Riyadh, April 29 (Reuters): The US said today it was ending military operations in Saudi Arabia and removing virtually all its forces from the kingdom by mutual agreement following the Iraq war.
Saudi Arabia said it had agreed the move with Washington but denied press reports it had asked the US to withdraw.
US military personnel in Saudi Arabia, which doubled to 10,000 during the Iraq war, have started pulling out of a desert airbase used by US planes since 1991 in their Southern Watch operation to police southern Iraq, US officials said.
Political and defence analysts said the decision had huge political implications.
The presence of US troops in Saudi Arabia gave Washington a strategic foothold in the Gulf but generated resentment among Arabs because of their proximity to Islam’s holiest sites.
The announcement, made during a tour of Gulf states by defence secretary Donald Rumsfeld focused on reducing the US military in the region, followed Riyadh’s refusal to allow air strikes on Iraq by some 100 Saudi-based US aircraft.
“After the end of Southern Watch... there is no need for them to remain,” Saudi defence minister Prince Sultan bin Abdul-Aziz told a joint news conference with Rumsfeld. “This does not mean that we requested them to leave.”
Rumsfeld said after talks with the prince that the “liberation of Iraq” had changed the situation in the Gulf and allowed the US to reduce its troops in the region.
“The relationship between our two countries is multi-dimensional — diplomatic, economic, as well as military-to-military,” he said.
The move effectively ends a relationship dating back 12 years when Washington used Saudi Arabia as a launch pad for the Gulf War to oust Iraqi troops from Kuwait and then based warplanes at the Prince Sultan air base in the Saudi desert to police a “no-fly” zone over southern Iraq.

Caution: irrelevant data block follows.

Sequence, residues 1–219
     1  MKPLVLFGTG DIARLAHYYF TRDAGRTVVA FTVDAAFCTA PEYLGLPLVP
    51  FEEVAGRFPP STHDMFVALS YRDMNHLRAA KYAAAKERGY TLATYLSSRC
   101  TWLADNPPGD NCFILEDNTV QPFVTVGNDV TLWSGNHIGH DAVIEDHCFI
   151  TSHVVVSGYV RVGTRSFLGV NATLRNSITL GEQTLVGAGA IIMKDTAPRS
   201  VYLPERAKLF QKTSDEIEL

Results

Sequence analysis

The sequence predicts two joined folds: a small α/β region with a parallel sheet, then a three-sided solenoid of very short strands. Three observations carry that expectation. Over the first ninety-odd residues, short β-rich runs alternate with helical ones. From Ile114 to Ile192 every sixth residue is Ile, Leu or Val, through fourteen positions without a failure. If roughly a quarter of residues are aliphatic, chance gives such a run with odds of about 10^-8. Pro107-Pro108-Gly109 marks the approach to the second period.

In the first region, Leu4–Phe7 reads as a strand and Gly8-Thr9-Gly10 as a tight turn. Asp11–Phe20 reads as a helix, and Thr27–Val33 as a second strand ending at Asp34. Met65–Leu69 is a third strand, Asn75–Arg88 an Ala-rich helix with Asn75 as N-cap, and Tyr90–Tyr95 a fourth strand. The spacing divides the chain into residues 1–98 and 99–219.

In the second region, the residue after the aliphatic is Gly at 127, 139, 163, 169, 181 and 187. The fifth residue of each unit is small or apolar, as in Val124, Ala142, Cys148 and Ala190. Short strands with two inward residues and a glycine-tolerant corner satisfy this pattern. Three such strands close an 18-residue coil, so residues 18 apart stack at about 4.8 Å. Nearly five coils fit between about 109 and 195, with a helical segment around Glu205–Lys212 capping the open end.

The presence of Western troops in the kingdom irked many Saudis, already angry with the US over its perceived bias towards Israel.
Ousting US troops from Saudi Arabia became a battle cry of Saudi-born militant Osama bin Laden and his al Qaida network, blamed by Washington for the September 11, 2001 attacks.
“There are political advantages for both. The US will have greater freedom of action, the Saudis will feel more comfortable — and neither of them will have to mention that it was a key demand of Osama bin Laden,” Tim Garden, security analyst at the Royal Institute of International Affairs, said.
“It certainly means the US is rid of a huge problem,” Charles Heyman, editor of Jane’s World Armies, said in London.
“There has been agitation for a very long time from inside Saudi Arabia. And it was one of al Qaida’s key demands as well for foreign forces to be removed from the holy ground of Saudi Arabia,” Heyman said.
After meeting US military personnel at Prince Sultan airbase, Rumsfeld praised the Saudis for being “enormously hospitable to us” during the air operations over southern Iraq.
“We look forward to exercising and training and working with them on their military,” he said.
US officials said a small number of US personnel would remain in Saudi Arabia to train Saudi soldiers and take part in joint exercises.
The defence secretary later met Saudi Crown Prince Abdullah before flying to Kuwait.